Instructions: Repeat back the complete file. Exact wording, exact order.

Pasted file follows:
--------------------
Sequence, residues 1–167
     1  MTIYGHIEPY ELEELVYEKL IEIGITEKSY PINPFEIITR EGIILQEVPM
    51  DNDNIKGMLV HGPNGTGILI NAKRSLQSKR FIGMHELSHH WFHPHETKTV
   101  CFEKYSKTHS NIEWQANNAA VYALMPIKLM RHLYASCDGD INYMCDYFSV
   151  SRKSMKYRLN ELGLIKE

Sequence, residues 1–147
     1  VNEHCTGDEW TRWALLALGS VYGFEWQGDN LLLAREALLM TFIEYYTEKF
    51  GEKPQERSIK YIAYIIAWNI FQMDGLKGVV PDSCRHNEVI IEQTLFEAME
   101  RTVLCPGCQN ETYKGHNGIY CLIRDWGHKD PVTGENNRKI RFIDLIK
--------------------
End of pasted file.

Sequence, residues 1–167
     1  MTIYGHIEPY ELEELVYEKL IEIGITEKSY PINPFEIITR EGIILQEVPM
    51  DNDNIKGMLV HGPNGTGILI NAKRSLQSKR FIGMHELSHH WFHPHETKTV
   101  CFEKYSKTHS NIEWQANNAA VYALMPIKLM RHLYASCDGD INYMCDYFSV
   151  SRKSMKYRLN ELGLIKE

Sequence, residues 1–147
     1  VNEHCTGDEW TRWALLALGS VYGFEWQGDN LLLAREALLM TFIEYYTEKF
    51  GEKPQERSIK YIAYIIAWNI FQMDGLKGVV PDSCRHNEVI IEQTLFEAME
   101  RTVLCPGCQN ETYKGHNGIY CLIRDWGHKD PVTGENNRKI RFIDLIK